- Austin, the most senior official in the Biden administration, visited Iraq
- It says the troops must be there at the invitation of the Iraqi government
- The trip comes on the 20th anniversary of the US-led invasion
- Aims to support Sudan’s resilience against Iranian influence in the country – experts
BAGHDAD/ERBIL, Iraq March 7 (Reuters) – U.S. Defense Secretary Lloyd Austin made an unannounced visit to Iraq on Tuesday, nearly 20 years after the U.S.-led invasion that toppled Saddam Hussein, and said Washington was committed to maintaining its military presence. Country.
The 2003 invasion led to the deaths of tens of thousands of Iraqi civilians and created instability that paved the way for the rise of Islamic State militants after the US withdrew its forces in 2011.
Austin, the most senior official in President Joe Biden’s administration to visit Iraq, was the last commander of US forces there after the invasion.
“US forces are prepared to remain in Iraq at the invitation of the Iraqi government,” Austin told reporters after meeting with Iraqi Prime Minister Mohammad al-Sudani.
“The United States will continue to strengthen and expand our partnership in support of Iraq’s security, stability and sovereignty,” he said.
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Sudan later said in a statement that its government’s approach is to maintain balanced relations with regional and international governments based on shared interests and respect for sovereignty, and that “the stability of Iraq is critical to the security and stability of the region.”
The U.S. currently has 2,500 troops in Iraq — and an additional 900 in Syria — to help advise and assist local troops in the fight against Islamic State, which seized territory in both countries in 2014.
Islamic State is far from the formidable force it once was, but militant cells survive in parts of northern Iraq and northeastern Syria.
Austin’s visit is also to support Sudan’s pushback against Iranian influence in the country, former officials and experts said.
Iranian-backed militias in Iraq periodically target US forces and its embassy in Baghdad with rockets. In 2020, the United States and Iran came close to full-scale conflict after US forces killed the commander of Iran’s Revolutionary Guards, General Qassem Soleimani, in a drone strike.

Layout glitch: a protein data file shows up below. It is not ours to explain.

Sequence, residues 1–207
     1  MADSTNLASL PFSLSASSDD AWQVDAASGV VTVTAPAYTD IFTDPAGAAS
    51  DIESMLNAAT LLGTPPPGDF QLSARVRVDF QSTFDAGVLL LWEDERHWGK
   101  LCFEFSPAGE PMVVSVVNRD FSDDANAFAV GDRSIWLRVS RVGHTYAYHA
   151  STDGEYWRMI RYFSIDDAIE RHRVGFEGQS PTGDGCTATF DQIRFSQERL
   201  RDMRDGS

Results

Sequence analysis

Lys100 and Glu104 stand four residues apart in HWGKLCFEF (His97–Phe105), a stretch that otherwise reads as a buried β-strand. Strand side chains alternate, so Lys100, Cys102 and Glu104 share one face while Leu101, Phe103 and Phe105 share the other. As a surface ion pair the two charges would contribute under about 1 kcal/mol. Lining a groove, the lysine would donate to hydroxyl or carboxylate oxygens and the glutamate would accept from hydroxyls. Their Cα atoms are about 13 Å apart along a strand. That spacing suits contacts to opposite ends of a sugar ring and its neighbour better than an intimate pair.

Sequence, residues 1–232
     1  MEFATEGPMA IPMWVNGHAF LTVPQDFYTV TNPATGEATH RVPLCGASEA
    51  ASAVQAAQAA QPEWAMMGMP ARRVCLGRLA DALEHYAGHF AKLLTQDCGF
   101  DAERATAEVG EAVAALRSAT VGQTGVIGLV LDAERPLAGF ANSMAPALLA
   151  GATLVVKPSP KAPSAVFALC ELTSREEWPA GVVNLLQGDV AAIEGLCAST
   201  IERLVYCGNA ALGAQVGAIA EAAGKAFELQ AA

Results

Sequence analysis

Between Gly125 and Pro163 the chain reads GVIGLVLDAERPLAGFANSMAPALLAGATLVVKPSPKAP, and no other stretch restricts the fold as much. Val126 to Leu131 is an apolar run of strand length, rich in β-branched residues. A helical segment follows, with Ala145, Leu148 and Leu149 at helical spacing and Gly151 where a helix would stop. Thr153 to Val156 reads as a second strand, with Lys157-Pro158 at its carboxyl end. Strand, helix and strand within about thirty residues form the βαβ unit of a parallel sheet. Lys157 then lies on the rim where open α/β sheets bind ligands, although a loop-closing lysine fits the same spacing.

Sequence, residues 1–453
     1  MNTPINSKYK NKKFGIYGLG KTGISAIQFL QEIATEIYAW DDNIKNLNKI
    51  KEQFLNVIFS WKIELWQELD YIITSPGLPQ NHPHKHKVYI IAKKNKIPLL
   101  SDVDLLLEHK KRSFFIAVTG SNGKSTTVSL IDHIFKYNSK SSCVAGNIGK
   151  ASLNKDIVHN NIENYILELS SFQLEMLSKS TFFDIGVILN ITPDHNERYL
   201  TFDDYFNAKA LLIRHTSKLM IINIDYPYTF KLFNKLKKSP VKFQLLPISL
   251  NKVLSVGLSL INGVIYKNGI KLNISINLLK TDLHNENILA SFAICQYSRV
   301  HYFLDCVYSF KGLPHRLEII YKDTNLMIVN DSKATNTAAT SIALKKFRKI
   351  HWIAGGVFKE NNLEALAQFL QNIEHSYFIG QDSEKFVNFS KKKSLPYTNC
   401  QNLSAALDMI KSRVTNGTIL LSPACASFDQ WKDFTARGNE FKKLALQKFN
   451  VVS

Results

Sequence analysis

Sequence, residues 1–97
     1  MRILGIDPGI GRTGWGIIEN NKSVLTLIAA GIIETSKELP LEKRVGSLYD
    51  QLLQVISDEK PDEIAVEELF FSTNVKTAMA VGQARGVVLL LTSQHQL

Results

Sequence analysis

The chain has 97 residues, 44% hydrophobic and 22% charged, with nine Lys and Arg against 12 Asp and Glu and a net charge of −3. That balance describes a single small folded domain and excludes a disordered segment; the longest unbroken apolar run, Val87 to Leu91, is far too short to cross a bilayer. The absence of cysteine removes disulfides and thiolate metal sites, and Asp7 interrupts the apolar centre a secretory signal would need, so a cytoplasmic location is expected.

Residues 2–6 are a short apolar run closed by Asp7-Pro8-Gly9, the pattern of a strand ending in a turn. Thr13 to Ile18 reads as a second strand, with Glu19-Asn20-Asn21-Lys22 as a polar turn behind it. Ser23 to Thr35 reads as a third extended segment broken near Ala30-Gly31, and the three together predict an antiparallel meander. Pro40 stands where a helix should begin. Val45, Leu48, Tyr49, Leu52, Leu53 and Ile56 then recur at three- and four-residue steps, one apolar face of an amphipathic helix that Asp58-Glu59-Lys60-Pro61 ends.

“I think Iraqi leaders share our interest in not having Iraq become a playground for conflict between the U.S. and Iran,” said a senior U.S. defense official who spoke on condition of anonymity.
Austin met with Nechirwan Barzani, president of the Sudanese and Iraqi Kurdistan Region, amid ongoing disputes between the national government and Erbil over budget exchanges and oil revenue sharing, as well as between the two main Kurdish parties operating in the quasi-government. Autonomous region of Kurdistan.
“Erbil and Baghdad must work together for the benefit of all Iraqis and Kurdish leaders must put aside their divisions and come together to build a secure and prosperous Iraqi Kurdish region,” Austin said following his meeting with Barzani.
Austin condemned Iran’s “repeated cross-border attacks” on Iraq.
Last year, Tehran fired missiles at bases of Kurdish groups in northern Iraq it accused of staging protests against its restrictions on women, displacing hundreds of Iranian Kurds and killing some.
Former President George W. The Bush administration cited its belief that Iraqi leader Saddam Hussein’s government possessed weapons of mass destruction to justify its decision to invade Iraq. American and Allied forces later discovered that no such stockpiles existed.
Between 185,000 and 208,000 Iraqi civilians were killed in the war, according to the Cost of War Project by the Watson Institute for International Studies at Brown University.
Austin, the former commander of all US forces in the Middle East, said in 2011 that the US had achieved its military objectives in Iraq.
But under former President Barack Obama, the United States sent thousands of troops back to Iraq and Syria three years later to bolster the fight against Islamic State.
Reporting by Idris Ali in Baghdad, additional reporting by Amina Ismail in Erbil; Editing by Andrew Havens, Angus MacSwan, Emilia Sithole-Madaris and Sharon Singleton
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